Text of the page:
Recommended Long Read: What does the Department of Energy actually do and why you should care about how it is run.

Vanity Fair:  Why the Scariest Nuclear Threat May Be Coming From Inside the White House – Michael Lewis

The title is unfortunately click-baity and partisan, but it really is worth a read.

The shambles that the State Department is in, the turmoil at the DOJ, and the tick-tock of the ACA fight get way more ink, but given the magnitude of the downside risk, it is worth understanding the state of the DOE, what it does, and why you should care.

tl;dr – Nerds matter.  Fund their research, listen to them, and manage them well.

The national labs played a big role in policing all three paths [for Iran to obtain a nuclear weapon]. “These labs are incredible national resources, and they are directly responsible for keeping us safe,” said MacWilliams. “It’s because of them that we can say with absolute certainty that Iran cannot surprise us with a nuclear weapon.”After the [Iran Nuclear] deal was done, U.S. Army officers had approached D.O.E. officials to thank them for saving American lives. The deal, they felt sure, had greatly lessened the chance of yet another war in the Middle East that the United States would inevitably be dragged into.”


Topics covered:
1) The transition from the Obama to the Trump administration
2) What the DOE does
a)  Maintaining nuclear arsenal and protecting US from threats
b)  Nuclear waste cleanup
c)  Programs to shape American’s use and access to Energy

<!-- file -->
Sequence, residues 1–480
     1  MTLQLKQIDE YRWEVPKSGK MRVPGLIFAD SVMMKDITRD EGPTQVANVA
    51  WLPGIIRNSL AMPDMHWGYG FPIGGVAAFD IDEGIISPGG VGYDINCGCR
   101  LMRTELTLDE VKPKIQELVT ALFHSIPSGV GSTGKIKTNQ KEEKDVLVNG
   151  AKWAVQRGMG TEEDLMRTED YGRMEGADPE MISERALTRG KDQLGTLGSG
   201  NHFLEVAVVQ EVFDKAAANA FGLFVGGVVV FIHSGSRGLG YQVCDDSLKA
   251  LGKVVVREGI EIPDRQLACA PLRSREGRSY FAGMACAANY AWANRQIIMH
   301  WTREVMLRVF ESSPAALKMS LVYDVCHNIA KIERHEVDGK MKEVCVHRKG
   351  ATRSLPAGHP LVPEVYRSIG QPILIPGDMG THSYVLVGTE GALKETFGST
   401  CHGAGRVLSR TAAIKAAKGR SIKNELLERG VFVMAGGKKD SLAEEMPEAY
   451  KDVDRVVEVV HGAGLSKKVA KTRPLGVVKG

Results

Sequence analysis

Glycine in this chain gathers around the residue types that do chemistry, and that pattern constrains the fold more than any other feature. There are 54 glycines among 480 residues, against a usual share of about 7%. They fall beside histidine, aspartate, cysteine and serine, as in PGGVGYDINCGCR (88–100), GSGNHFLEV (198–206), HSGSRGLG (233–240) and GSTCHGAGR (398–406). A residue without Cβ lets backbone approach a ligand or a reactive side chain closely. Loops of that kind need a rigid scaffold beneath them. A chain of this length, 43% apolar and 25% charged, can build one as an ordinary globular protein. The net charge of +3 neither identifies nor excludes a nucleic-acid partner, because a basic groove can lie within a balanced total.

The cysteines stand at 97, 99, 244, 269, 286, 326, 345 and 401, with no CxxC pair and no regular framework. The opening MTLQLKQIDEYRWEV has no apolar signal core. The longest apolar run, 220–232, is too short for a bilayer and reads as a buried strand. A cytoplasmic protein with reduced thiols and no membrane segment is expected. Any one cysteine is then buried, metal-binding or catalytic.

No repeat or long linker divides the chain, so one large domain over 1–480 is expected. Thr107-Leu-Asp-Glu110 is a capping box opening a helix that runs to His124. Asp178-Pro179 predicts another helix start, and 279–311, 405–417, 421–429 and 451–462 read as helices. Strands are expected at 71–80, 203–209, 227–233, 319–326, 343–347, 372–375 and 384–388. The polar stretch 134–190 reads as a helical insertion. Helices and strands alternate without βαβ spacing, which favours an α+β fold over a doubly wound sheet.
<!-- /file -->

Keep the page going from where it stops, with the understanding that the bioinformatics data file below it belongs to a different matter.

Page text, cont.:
d)  National Labs
3) The Top 5 risks according to John MacWilliam’s, DOE’s 1st Chief Risk Officer (in no particular order)
a)  “Broken Arrows”
b)  North Korea
c)  Iran – Pulling out from the Iran Nuclear deal.
d)  Lack of government leadership in preparing for large societal risk because it is politically risky (e.g. Investment in early stage research, securing the electrical grid.)
e)  Project management and short-sightedness (e.g. Hanford)

Some excerpts

” D.O.E. press secretary Shaylyn Hynes assures us that “Secretary Perry is dedicated to the missions of the Department of Energy.” And in his hearings, Perry made a show of having educated himself. He said how useful it was to be briefed by former secretary Ernest Moniz. But when I asked someone familiar with those briefings how many hours Perry had spent with Moniz, he laughed and said, “That’s the wrong unit of account.” With the nuclear physicist who understood the D.O.E. perhaps better than anyone else on earth, according to one person familiar with the meeting, Perry had spent minutes, not hours. “He has no personal interest in understanding what we do and effecting change,” a D.O.E. staffer told me in June. “He’s never been briefed on a program—not a single one, which to me is shocking.”

In his four years on the job MacWilliams had come to understand the D.O.E.’s biggest risks, the way a corporate risk officer might understand the risks inside a company, and had catalogued them for the next administration. “My team prepared its own books. They were never given to anybody. I never had a chance to sit with [the Trump people] and tell them what we’re doing, even for a day. And I’d have done it for weeks. I think this was a sad thing. There are things you want to know that would keep you up at night. And I never talked to anyone about them.””

 

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